2014/02/4a6cf_exercise_default

Dyspnea during daily activities predicts all-cause mortality

Dyspnea, a sensation of breathlessness, during light daily activities can be used as an indicator of exercise intolerance and low fitness. According to a study on Finnish twins, persistent or developing dyspnea reveals an increased risk of death.

The prospective cohort study on Finnish twins revealed that all-cause mortality increased along the degree of dyspnea during the 28-year follow-up. In the study, twin individuals with persistent dyspnea (dyspnea noticed in 1975 and 1981) and dyspnea developers (dyspnea noticed in 1981) had an increased risk of death (hazard ratio [HR] 1.41, 95% CI 1.31-1.52 and 1.16, 1.05-1.25 respectively) compared to asymptomatic individuals. Easy shortness of breath also indicated an increased risk of death among individuals considered healthy at the 1981 baseline.

To eliminate genetic background effects, within-pair analyses were conducted among pairs that were discordant for dyspnea and mortality rate. These analyses showed an increased risk of death also among discordant pairs: twins with persistent dyspnea had an increased risk of death compared to their asymptomatic co-twins (HR 1.47, 1.23-1.77). Respectively, a risk difference was seen in the pairwise analysis among healthy monozygotic twin pairs discordant for dyspnea (HR 2.64, 95% CI 1.21-5.74).

The study was a collaborative effort of the universities of Jyväskylä and Helsinki and was conducted among all same-sex twin pairs born in Finland before 1958. Dyspnea was measured with a modified Medical Research Council (mMRC) scale. The scale includes four questions on the degree of dyspnea when walking and performing daily tasks (e.g. do you usually get short of breath when you walk uphill, climb stairs, when walking on level ground). The level and change in dyspnea between 1975 and 1981 were used to predict mortality during a 28-year follow up (between 1981 and 2010). In total 21,379 twin individuals (including 8,672 complete twin pairs) were studied.

Our study shows that persistent dyspnea (breathlessness) predicts increased mortality during a 28-year follow-up even among individuals without a clinically overt disease known to associate with dyspnea. Based on the results, we believe that the dyspnea score, which can be easily obtained and correlates with fitness outcomes, could be a screening tool for identifying unfit individuals at an increased mortality risk.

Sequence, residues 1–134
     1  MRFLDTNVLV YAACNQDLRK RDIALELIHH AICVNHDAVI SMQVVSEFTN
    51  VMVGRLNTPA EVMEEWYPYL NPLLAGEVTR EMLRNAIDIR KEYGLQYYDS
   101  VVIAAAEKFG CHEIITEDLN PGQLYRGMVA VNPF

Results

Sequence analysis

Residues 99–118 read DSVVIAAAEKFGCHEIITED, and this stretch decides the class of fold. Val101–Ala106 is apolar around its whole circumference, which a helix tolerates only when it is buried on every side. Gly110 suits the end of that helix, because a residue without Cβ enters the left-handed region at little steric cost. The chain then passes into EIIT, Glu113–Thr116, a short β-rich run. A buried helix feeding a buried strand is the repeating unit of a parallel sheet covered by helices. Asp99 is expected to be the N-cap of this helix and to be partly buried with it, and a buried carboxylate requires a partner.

Story Source:

The above story is based on materials provided by Suomen Akatemia (Academy of Finland). Note: Materials may be edited for content and length.

Original story here.
Fitness News — Sciencedaily
— Courtesy “Science News Daily” (ScienceNewsDaily.com) <p>

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Comments

    • Gene Ryudan
    • February 24, 2014
    Reply

    best tae bo i like you <3

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    • Yvetta Ästhetik
    • February 24, 2014
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    I like it.
    Kiss

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    • Dustin Canton
    • February 24, 2014
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    love love love it <3

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    • c'est Caroo
    • February 24, 2014
    Reply

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    • Ruby Styer
    • February 24, 2014
    Reply

    We did this in gym class. At least the first 2 min.

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    • February 24, 2014
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    • Irena Feuereislová
    • February 24, 2014
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    Good workout, but its too short! :-/

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    • tjuci87
    • February 24, 2014
    Reply

    10 min warm-up, 20 min workout, 10 min stretch and strange movements with
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    • gaiasmommy
    • February 24, 2014
    Reply

    I Iike this workout, but the counting drives me nuts.

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    • Maha Alhajee
    • February 24, 2014
    Reply

    it was amazing exercise before going to work, I felt the stress was removed
    n ready to go to work. thank you so much

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    • February 24, 2014
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    A Lovely workout link.

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    • February 24, 2014
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    Show

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    • Jamaya Jefferson
    • February 24, 2014
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    I LOVED IT ”GREAT WORKOUT” !!!!

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    • Veronica Cruz
    • February 24, 2014
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    me encanta ,gracias !!

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    • Jamaci Queiroz
    • February 24, 2014
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    • Daiana Santos
    • February 24, 2014
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    • Tatiane Machado
    • February 24, 2014
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    • inspiration771995
    • February 24, 2014
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    IM GETTING IT IN had to stop but i will not give up WHEW

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